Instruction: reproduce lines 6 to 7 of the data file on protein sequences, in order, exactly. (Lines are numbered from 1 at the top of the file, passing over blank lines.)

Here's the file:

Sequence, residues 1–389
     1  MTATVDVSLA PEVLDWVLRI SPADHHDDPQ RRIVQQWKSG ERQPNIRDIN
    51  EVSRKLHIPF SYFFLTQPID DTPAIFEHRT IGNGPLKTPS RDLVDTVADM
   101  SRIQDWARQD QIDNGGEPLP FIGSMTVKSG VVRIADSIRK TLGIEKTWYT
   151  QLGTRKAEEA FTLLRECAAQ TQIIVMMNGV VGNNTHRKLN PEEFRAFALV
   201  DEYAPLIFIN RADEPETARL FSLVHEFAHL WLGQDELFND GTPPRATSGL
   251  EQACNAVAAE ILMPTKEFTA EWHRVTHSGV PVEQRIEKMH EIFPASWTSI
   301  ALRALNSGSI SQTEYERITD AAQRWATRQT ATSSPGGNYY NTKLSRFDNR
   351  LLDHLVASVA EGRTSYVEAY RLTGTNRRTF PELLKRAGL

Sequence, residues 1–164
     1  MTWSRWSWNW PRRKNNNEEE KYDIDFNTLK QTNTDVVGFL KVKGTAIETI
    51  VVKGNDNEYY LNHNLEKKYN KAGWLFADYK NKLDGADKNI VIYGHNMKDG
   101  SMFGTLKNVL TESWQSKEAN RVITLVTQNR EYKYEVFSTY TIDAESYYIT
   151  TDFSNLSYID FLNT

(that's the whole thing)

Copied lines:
   201  DEYAPLIFIN RADEPETARL FSLVHEFAHL WLGQDELFND GTPPRATSGL
   251  EQACNAVAAE ILMPTKEFTA EWHRVTHSGV PVEQRIEKMH EIFPASWTSI